Nine months after a special court in Mumbai handed out the death sentence to Lashkar-e-Taiba terrorist Mohammad Ajmal Amir Kasab, 24, for the November 26, 2008 attacks in Mumbai, the Bombay High Court on Monday confirmed the sentence.
The high court also upheld the acquittal of two Indians, Faheem Ansari and Sabauddin Ahmed, accused of being part of the conspiracy, for lack of evidence.
The special court had awarded the death sentence to Kasab last May for the carnage that killed 166 people and injured 238.
"The brutality, perversity and cruelty exhibited by Kasab in committing multiple murders of innocent men, women, children, aged persons and policemen… makes this a grave case of extreme culpability," the high court said as Kasab smiled.
Kasab was one of 10 gunmen who travelled from Karachi to Mumbai by sea and attacked five vital spots in the city, including the Taj Mahal Palace and Tower hotel and the Chhatrapati Shivaji Terminus, and laid siege to the city for 60 hours.
"He indulged in mindless killing of innocent people with a view to overawing the government of India, and achieving cessation of Indian territory (Kashmir)," the court said.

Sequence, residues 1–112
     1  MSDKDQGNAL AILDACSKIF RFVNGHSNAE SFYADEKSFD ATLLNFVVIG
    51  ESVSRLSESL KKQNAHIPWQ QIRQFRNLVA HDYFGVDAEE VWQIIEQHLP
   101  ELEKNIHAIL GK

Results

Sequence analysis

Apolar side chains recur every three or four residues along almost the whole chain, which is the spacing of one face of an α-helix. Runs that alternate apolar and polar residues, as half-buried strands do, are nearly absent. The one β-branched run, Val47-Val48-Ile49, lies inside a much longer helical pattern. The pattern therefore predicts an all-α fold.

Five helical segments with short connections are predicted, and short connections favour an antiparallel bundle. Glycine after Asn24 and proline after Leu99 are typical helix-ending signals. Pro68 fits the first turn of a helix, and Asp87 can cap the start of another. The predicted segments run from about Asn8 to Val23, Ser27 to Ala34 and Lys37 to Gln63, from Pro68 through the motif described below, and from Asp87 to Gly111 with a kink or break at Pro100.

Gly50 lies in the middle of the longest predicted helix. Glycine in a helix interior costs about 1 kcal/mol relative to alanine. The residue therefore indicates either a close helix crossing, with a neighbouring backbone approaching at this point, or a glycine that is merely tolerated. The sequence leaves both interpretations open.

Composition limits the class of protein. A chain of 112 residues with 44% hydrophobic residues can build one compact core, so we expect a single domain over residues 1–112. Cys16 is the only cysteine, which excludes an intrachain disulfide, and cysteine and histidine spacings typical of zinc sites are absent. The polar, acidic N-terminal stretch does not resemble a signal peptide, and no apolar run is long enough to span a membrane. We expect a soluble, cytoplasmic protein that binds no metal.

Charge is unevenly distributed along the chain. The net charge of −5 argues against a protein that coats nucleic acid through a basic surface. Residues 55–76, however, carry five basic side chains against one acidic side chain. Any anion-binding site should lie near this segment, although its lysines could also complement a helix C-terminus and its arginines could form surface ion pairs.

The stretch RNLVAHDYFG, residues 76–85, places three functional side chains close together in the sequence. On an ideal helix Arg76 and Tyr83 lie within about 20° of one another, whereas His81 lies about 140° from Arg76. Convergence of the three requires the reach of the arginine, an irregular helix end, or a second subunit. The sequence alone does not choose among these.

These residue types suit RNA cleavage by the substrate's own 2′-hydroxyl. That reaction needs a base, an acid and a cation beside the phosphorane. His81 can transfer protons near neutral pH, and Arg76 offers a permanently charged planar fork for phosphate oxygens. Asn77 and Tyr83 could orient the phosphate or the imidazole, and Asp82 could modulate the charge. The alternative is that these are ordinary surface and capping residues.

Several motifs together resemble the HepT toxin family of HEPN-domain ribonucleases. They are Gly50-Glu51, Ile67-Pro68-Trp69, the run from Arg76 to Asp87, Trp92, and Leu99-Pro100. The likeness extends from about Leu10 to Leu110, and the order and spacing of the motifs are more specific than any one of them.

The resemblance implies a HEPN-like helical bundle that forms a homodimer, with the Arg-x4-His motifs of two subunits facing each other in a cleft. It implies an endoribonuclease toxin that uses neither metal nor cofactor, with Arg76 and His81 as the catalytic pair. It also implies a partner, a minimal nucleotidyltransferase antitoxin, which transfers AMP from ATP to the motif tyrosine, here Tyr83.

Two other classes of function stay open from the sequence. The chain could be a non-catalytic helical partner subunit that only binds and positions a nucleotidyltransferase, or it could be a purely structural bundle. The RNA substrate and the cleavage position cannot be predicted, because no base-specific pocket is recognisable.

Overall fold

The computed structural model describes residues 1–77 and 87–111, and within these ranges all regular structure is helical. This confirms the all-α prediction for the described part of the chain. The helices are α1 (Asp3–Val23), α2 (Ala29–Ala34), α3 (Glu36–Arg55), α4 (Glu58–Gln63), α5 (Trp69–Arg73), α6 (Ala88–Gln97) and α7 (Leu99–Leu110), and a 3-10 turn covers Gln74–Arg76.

It was not clear whether Kasab wants to appeal against the high court order. "It will be clear only after we see him in prison," his lawyer Farhana Shah said.
"We will apprise him of his right to appeal against the verdict," Shah added.
The high court also issued a warning to potential perpetrators of terror attacks.
"We want those who are desirous of emulating him (Kasab) to know that courts do not take a kind view of such people," it said.
Survivors and family members of victims welcomed the verdict. Vaishali Ombale, daughter of sub-inspector Tukaram Ombale, who died trying to capture Kasab, said: "The Indian government should expedite the case and ensure that Kasab is hanged at the earliest."